Eliza Galaher

As Interviewed by Carly M., March 9, 2012

Eliza Galaher: In Her Own Words

So my name is Eliza Galaher. I was born on January 22nd 1965 in Portland, Oregon. Iím the youngest of five children. My mom and dad were older when I was born, so my dad was 45 when I was born; my mom was almost 39. I was the youngest of five kids. My oldest brother was named Abbott, and he passed away ten years ago. My next oldest brother is Towner, and heís a drummer who lives in New York City. My sister Ursula is seven years older than me. She was adopted; she was born in Hong Kong. Then thereís my brother Matthew, whoís not quite two years older than me; and then me. Both my parents are passed away as well.

I always had crushes on both girls and boys when I was little, like little kid crushes, like your first grade teacher. But when I was thirteen, I had some pretty major crushes. I had some crushes on older girls who were sports heroes at my school. My first girlfriend was when I was seventeen, and that was back in 1983. It really had to be secret because it wasnít like -- I donít know about your school, or the high schools in Austin. I think they might have a gay/straight alliance. Back in the early 80s you didnít talk about it and it wasnít very accepted, so we had to keep it a secret.

I think we are in a real split right now in the United States about tolerance, because weíve got a lot of people that are saying itís totally cool, love is love. I donít know if you ever watch Glee. That show is very gay-friendly with gay characters, so on and so forth, but they also talk about a lot of bullying, and so youíve got that kind of stuff going on. Different states that are making same sex marriage legal, and then you have people who are running for president who think homosexuality is a sin and all that stuff. So I think we are really divided, but what I think is happening, Carly, is we are moving forward. With every time thereís change, thereís resistance to change. And I think thatís what you see -- the resistance to change coming out in more conservative people. So itís a lot of division.

Do you have any local heroes or icons advocating the rights of gay/lesbian people?

Well, I would wouldnít call her a hero, but Meg Barnhouse, the minister at First Unitarian church, she has done -- twice she has done mass same sex weddings down at the courthouse. And of course, itís illegal for same sex marriages in Texas, but sheís doing it as a protest thing. Wildflower church members are my heroes because we march in the Gay Pride Parade every year, and itís not just the gay people in Wildflower that go. Itís families, straight people, and transgender people. So my own members of my congregation are probably my greatest heroes.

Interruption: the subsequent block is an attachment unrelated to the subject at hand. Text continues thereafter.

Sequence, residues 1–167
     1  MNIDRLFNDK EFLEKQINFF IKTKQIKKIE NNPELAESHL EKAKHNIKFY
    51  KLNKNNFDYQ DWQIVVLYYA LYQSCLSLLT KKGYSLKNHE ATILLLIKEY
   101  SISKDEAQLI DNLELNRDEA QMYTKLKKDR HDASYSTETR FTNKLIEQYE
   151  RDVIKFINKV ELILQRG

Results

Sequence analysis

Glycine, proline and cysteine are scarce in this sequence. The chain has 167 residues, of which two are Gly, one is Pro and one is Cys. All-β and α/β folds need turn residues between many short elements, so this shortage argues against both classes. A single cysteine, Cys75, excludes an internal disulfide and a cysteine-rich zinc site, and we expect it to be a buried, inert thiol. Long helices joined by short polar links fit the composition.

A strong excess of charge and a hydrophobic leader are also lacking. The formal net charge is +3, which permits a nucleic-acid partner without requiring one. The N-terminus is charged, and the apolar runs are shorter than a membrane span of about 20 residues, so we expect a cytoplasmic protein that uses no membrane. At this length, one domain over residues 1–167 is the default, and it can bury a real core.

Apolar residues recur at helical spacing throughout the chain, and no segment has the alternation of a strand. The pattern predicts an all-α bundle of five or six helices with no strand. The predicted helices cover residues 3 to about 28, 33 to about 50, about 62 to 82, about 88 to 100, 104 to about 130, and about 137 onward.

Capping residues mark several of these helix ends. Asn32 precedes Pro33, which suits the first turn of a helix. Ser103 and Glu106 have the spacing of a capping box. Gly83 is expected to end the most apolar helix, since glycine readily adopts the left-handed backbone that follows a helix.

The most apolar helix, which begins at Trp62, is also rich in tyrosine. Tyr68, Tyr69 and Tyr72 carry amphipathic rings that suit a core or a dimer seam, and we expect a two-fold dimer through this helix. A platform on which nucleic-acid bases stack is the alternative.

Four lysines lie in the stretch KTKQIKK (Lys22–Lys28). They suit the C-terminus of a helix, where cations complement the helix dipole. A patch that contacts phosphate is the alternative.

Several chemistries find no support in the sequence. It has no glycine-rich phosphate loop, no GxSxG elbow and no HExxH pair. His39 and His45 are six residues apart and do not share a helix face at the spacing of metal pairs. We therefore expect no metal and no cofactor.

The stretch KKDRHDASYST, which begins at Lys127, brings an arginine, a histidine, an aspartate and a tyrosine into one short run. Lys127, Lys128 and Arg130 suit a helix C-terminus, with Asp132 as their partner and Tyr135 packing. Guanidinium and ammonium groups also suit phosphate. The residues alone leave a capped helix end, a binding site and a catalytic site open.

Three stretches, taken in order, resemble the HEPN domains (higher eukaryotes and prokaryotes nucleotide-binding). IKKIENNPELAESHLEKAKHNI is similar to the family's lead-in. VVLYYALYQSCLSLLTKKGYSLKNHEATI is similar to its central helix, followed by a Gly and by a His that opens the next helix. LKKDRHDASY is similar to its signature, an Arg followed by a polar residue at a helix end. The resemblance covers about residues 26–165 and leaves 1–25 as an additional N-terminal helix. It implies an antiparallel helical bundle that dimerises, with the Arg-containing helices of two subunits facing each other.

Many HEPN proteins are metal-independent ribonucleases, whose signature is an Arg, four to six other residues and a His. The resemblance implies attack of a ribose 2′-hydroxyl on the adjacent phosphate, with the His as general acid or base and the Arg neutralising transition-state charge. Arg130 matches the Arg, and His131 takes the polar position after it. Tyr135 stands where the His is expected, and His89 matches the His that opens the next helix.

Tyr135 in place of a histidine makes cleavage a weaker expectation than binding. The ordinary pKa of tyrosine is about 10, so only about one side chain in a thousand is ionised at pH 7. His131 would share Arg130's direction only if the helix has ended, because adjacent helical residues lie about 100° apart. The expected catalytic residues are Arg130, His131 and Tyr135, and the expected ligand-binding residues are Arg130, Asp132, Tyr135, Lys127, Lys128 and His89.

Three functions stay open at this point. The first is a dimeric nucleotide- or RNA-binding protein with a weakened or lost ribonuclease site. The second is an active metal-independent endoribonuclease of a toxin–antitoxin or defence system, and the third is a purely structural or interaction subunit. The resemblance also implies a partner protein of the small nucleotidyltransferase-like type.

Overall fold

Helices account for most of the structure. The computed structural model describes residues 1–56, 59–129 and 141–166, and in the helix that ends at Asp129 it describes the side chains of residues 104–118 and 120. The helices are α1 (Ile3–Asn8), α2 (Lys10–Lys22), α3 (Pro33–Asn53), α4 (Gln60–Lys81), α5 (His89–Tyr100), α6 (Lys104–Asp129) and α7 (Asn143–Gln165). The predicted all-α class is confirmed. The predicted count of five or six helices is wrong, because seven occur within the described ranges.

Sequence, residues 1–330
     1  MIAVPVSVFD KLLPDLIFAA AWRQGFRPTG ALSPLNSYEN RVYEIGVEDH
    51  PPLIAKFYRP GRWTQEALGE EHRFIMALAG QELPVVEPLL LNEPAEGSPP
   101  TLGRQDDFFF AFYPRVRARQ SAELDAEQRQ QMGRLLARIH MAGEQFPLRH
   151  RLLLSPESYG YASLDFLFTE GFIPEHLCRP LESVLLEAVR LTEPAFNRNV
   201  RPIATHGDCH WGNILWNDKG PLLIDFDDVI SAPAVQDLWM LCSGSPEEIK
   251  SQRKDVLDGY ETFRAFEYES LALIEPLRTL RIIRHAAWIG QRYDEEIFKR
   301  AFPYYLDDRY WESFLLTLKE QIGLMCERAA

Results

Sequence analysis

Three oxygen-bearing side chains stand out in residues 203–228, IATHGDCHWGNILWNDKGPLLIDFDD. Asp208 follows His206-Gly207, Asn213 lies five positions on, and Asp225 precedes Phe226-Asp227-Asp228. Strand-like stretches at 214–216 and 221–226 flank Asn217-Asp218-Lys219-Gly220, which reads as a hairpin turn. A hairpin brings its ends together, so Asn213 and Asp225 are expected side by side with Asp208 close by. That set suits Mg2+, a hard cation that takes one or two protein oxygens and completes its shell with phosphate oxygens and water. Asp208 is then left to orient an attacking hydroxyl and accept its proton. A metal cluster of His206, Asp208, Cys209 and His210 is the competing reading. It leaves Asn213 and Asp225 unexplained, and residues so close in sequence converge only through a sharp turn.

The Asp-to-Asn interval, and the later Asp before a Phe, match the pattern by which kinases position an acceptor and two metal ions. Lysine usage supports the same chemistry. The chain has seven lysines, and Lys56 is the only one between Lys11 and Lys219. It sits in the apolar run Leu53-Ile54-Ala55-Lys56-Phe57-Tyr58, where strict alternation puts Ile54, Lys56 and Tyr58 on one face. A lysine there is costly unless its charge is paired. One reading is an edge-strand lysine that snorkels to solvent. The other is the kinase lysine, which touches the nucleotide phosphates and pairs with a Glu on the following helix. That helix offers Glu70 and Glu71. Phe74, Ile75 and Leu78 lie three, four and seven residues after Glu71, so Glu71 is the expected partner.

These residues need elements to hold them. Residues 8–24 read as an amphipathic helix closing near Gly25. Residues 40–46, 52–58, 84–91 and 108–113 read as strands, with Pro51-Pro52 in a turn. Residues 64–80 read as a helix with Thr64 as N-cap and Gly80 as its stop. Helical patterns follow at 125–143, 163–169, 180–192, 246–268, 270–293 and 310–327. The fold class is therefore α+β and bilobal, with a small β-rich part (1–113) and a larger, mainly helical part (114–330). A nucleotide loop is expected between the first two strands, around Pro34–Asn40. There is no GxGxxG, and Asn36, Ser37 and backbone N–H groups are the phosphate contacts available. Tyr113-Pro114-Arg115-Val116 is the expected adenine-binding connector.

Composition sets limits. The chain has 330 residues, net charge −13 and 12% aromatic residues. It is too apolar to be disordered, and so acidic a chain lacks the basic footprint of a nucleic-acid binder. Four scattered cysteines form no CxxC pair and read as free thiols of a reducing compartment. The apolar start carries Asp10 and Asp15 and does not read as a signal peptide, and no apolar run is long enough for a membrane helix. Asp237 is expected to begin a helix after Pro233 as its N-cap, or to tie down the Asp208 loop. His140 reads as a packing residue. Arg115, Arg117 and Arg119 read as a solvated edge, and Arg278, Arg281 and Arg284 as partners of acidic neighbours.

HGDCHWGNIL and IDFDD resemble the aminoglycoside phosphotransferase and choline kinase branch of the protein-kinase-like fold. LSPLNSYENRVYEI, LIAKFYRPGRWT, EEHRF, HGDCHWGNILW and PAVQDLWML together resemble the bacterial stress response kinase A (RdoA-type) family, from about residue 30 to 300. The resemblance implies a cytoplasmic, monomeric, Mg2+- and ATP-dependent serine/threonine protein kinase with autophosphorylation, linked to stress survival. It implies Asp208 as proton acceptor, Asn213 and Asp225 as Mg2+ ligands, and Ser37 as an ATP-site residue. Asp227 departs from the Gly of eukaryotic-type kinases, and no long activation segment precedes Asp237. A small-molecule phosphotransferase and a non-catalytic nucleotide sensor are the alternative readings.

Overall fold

So what triggered your desire to enter ministry?

It was kind of a slow process. I had joined a Unitarian Universalist church in my early thirties. As I got involved I saw that there were three passions of mine that were kind of finding a home. That was education, writing and speaking, and social justice. I really discovered that I like religious education, liberal religious education, so those three things kind of converged and I saw, wow, I donít have to choose between these passions, I can put them all to good use at once, but it took me about six years to decide to go to seminary, and even while I was in seminary I wasnít quite sure what I wanted to do.

There are seven principles of the Unitarian Universalist faith. Are there any, or Is there any one, or a few that stick out in your mind? If so, explain what they mean to you. How do they fit into modern society?

I think the really important one right now is probably the interdependent web of all existence because, as a world thatís getting more and more populated, and more and more easy to communicate with different parts of the world, we see more and more how interrelated everything is. Like, whatís happening in Syria right now, with the government bombing its own people and stuff. We have a direct relationship to that because that because the United States is part of the UN, and we have the power to intervene, but we donít because we have our own political self interests. So, you know, I believe that none of us are completely independent. Itís also not healthy to be totally dependent on others, so we have to see that we are both in power to act the way that we think is right, but understand that anything I do affects you, anything you do affects me. So the interdependence is one thatís good to know. Also, I would say the second principle, which often gets overshadowed by the first one. The second principle is equity, justice, and compassion. The word compassion is really important to me. Thatís about trying to lift somebody elseís pain, you know, ease other peopleís pain. I think thatís a big part of religious life, and a good life well-lived is being there when other people are suffering.